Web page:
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The salespeople with an agenda

"My team has improved thanks to your tips in previous columns but the younger ones are sometimes a little overawed by older customers. As a result, they fail to take control of conversations and activities, allowing clients to take the lead. Any tips on helping us resolve this issue?"

Julian O'Dell
Julian O'Dell image

Julian O’Dell is founder of TM Training & Development

JULIAN SAYS: We must recognise the need to develop higher-level selling skills and become salespeople rather than simply polite dispensers of information.

Agenda imageOne of the forgotten elements of a proper professional sales approach is the skill of agenda setting. Every customer-facing event in estate agency is improved by starting it off in the right way. A brief but clear agenda achieves that.

Whether it be the agenda at the start of a conversation with a brand new applicant, at the beginning of an accompanied viewing or to kick off a valuation appointment in the best possible way, there are some recognised and crucial best practice principles that need to be applied.

The agent opened the door of the house and said ‘help yourself’ while he stayed outside on his phone…

An effective agenda achieves a number of key objectives. It helps the person on the receiving end understand what is about to happen, what the benefits are of how this event is going to play out and allows them to relax in the knowledge that they are in the safe hands of a professional. For the salesperson, the benefits include seizing control of the situation at the outset, as well as being perceived as different (in a positive way) to other agents they have interacted with.

To be effective, an agenda needs to have four component parts:

  • Process
  • Duration
  • Permission

The PROCESS is what you are going to do or how the meeting/ event is going to go. You might say to a new applicant registering for the first time: “What I would like to do is ask you a few questions about your requirements…”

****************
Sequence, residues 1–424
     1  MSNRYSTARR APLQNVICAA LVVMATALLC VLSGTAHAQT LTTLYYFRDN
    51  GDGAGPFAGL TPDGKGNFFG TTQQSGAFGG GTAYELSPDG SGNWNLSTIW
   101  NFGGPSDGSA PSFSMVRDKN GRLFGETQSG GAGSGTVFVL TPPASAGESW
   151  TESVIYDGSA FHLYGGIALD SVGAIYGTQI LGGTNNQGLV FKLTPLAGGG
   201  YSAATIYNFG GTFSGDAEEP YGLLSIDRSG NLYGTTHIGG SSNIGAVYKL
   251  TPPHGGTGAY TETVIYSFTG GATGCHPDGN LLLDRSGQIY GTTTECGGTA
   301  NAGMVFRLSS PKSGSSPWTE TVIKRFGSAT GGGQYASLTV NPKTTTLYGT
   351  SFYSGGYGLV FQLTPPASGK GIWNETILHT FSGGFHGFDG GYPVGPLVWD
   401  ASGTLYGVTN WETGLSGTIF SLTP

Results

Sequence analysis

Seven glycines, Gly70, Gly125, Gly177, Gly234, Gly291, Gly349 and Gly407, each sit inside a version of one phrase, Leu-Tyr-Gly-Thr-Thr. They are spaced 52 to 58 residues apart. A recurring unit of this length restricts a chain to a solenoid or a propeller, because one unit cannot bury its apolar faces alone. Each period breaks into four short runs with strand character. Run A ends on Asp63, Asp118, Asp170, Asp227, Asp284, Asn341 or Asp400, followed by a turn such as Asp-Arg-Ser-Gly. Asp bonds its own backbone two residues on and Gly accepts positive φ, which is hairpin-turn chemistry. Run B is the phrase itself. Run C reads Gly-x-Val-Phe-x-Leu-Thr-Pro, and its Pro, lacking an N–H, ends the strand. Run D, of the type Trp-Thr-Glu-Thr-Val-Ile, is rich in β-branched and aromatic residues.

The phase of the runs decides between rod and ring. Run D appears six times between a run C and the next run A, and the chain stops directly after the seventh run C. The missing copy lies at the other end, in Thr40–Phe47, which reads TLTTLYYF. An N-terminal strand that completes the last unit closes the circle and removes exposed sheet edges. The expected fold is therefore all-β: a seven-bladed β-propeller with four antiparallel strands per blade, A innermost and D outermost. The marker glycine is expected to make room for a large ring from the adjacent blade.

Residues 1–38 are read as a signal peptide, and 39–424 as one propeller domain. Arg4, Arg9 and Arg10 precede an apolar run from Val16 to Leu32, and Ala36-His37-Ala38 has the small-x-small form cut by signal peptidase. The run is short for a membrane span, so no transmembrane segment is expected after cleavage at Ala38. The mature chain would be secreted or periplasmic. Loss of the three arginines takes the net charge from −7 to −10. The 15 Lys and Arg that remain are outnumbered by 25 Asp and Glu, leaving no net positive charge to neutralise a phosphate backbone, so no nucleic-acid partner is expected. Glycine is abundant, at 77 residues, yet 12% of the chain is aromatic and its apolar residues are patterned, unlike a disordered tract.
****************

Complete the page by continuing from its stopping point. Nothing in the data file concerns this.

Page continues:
With a vendor or landlord on a valuation appointment: “What I’d like to do is have a good look round the property. I’d appreciate you showing me round so I don’t miss anything and perhaps you can point out what you’ve done to the property and what attracted you to buy it…” On an accompanied viewing: “I thought we would start downstairs then upstairs then outside. I know the property well so please ask any questions as we go round. At the end, I will ask about your thoughts on the price so we can feed that back to our client…”

On our mystery shopper calls and during our consultancy work with agents, agendas are few and far between… “I’ll just register your details…” when dealing with a new applicant, “Let me have a look round then we will sit and have a chat” with vendors/landlords on valuations and the classic I witnessed recently on an accompanied viewing where the agent simply opened the door to a vacant property and said “Help yourself” before staying outside on his mobile phone.


The second element – the ‘WIIFM?’ or ‘What’s in it for me?’ – is important as it makes clear to the recipient exactly how the PROCESS will benefit them. Naturally this will vary but an example at the start of an applicant registration conversation would be, “So that we can find you the right property quickly and accurately and not waste your time with anything unsuitable”.

On a valuation, it might be that the WIIFM is “to help get you the best possible price” or “to ensure we can market your property to its full potential” or “so we can give you the right advice on how to get a successful sale within your desired timeframe”. On a viewing it might be “so you can get a full idea of everything the property has to offer” or “so you can take your time to help you decide if it is the right property”. The simpler the WIIFM? is for the client, the more readily they will accept your process.


The third stage – ‘DURATION’ – is simple enough; the agenda needs to include advice to the recipient as to how long the PROCESS will take. On an applicant registration, it might be 5-10 minutes. Perhaps 15-20 minutes on a viewing, 45 minutes to an hour on a valuation. This stage is a courtesy to ensure the customer knows how long to expect the PROCESS to take.


And finally, ‘PERMISSION’ means three little words – “Is that OK?” The language here is important if you are to avoid forcing your agenda upon the customer. To start the agenda with “What I’d like to do is…” and end it with “Is that OK?” is deferential language, seeking approval and agreement from the customer to your suggested agenda, rather than you simply telling them what is going to happen.

Agendas are underutilised – making them a key part of your sales approach will be hugely beneficial.

June 6, 2017